NEW ORLEANS — A federal appeals court on Wednesday ordered a lower court to review the Biden administration’s changes to a program that prevents the deportation of hundreds of thousands of immigrants brought to the United States as children.

The U.S. Fifth Circuit Court of Appeals said a federal district judge in Texas should take another look at the program after changes passed in August. For now, the ruling leaves the future of Deferred Action for Childhood Arrivals up in the air.

“It looks like the status quo for DACA remains,” said Veronica Garcia, an attorney with the Immigrant Legal Resource Center.

DACA was enacted by former President Barack Obama’s administration and had a difficult path through federal court challenges.

Texas U.S. District Judge Andrew Hanen ruled DACA illegal last year. It found that the program was not subject to the public notice and comment period required by the federal Administrative Procedure Act. But he temporarily left the program intact for those who were already using it, pending an appeal.

A three-judge ruling from the 5th Circuit in New Orleans, handed down Wednesday, upheld the judge’s original conclusion. But he is sending the case back to him to review a new version of the rule issued by the Biden administration in late August. The new rule goes into effect on October 31.

“The district court is best placed to review administrative records in the rulemaking process,” said the opinion of 5th Circuit Chief Judge Priscilla Richman, who was nominated to the court by President George W. Bush. The other members of the panel were Judges Kurt Engelhardt and James Ho, both appointed by President Donald Trump.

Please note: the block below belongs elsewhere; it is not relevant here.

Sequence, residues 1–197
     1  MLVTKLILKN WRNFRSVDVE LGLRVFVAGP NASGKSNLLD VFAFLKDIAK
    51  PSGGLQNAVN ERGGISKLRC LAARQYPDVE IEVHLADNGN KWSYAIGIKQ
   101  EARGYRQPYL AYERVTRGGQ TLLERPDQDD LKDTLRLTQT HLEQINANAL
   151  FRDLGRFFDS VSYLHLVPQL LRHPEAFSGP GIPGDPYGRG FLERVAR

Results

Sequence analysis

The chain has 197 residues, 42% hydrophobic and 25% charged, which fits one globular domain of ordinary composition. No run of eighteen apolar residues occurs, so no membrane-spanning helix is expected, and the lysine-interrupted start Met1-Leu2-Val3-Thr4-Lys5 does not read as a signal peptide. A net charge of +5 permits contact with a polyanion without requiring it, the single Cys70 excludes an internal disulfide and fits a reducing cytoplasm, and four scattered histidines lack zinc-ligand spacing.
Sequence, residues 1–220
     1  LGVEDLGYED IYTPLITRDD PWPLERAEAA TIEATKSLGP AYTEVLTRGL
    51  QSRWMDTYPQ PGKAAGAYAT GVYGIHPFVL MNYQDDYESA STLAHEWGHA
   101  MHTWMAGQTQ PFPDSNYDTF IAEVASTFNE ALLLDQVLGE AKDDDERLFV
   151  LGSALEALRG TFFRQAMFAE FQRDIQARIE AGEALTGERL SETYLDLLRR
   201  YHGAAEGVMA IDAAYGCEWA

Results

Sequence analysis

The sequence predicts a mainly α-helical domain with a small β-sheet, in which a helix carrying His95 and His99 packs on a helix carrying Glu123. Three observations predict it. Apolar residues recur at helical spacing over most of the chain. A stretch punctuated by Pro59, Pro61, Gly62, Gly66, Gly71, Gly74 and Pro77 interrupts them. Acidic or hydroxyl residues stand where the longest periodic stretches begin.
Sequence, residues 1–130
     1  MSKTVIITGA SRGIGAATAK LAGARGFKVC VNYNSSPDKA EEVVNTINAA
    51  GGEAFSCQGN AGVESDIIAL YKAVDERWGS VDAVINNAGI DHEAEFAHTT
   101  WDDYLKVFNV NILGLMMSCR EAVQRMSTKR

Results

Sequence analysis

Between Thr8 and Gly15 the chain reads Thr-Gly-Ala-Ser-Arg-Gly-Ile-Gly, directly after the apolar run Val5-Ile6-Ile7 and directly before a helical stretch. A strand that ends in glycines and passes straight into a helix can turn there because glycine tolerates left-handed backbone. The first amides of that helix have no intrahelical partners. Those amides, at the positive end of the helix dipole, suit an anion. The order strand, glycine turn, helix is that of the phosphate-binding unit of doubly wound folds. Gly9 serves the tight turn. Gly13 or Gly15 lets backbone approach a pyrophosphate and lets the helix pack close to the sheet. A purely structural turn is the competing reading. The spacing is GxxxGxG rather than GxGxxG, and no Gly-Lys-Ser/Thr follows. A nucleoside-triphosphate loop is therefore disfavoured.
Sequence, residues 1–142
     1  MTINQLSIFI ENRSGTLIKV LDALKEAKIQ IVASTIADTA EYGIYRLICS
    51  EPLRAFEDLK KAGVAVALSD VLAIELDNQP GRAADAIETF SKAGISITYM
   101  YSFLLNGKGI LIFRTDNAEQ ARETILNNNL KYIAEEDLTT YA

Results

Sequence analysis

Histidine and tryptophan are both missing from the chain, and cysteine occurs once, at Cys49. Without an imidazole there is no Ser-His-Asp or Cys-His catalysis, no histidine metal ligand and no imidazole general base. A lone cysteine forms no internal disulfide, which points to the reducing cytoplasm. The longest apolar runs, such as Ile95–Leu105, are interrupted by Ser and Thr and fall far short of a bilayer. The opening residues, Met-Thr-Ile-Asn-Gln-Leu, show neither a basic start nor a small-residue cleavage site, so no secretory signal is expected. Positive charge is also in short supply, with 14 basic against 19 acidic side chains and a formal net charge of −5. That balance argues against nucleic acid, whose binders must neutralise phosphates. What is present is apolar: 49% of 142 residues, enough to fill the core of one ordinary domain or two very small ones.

The new rule’s 453 pages are largely technical and represent little substantive change from the 2012 memo that created DACA, but it has been subject to public comment as part of a formal rulemaking process designed to improve its chances of legal survival .

In July arguments before the 5th Circuit, the Justice Department defended the program in alliance with the state of New Jersey, immigrant rights groups and a coalition of dozens of powerful corporations, including Amazon, Apple, Google and Microsoft. They argued that DACA recipients have grown to become productive engines of the U.S. economy, keeping and creating jobs and spending money.

Texas, joined by eight other Republican states, has argued that it has been financially harmed, incurring hundreds of millions of dollars in health care, education and other costs by allowing immigrants to remain in the country illegally. They also argued that the White House had overstepped its authority by granting immigration relief that was up to Congress.

DACA is expected to go to the Supreme Court for a third time. In 2016, the Supreme Court deadlocked 4-4 over expanded DACA and a version of the program for parents of DACA recipients, upholding a lower court’s decision to block the benefits. In 2020, the Supreme Court ruled 5-4 that the Trump administration improperly ended DACA by failing to follow federal procedures, allowing it to remain in place.

DACA recipients have become a powerful political force even though they cannot vote, but their efforts to get a path to citizenship through Congress have repeatedly failed. Any imminent threat of losing their work permit and facing deportation could compel Congress to protect them, even as a temporary measure.

The Biden administration has disappointed some DACA supporters with its conservative legal strategy of keeping age eligibility unchanged. DACA recipients were required to be in the United States as of June 2007, a requirement that has become increasingly elusive. The median age of a DACA recipient was 28.2 at the end of March, up from 23.8 in September 2017.

At the end of March, there were 611,270 people registered for DACA, including 494,350, or 81%, from Mexico and large numbers from Guatemala, Honduras, Peru and South Korea.

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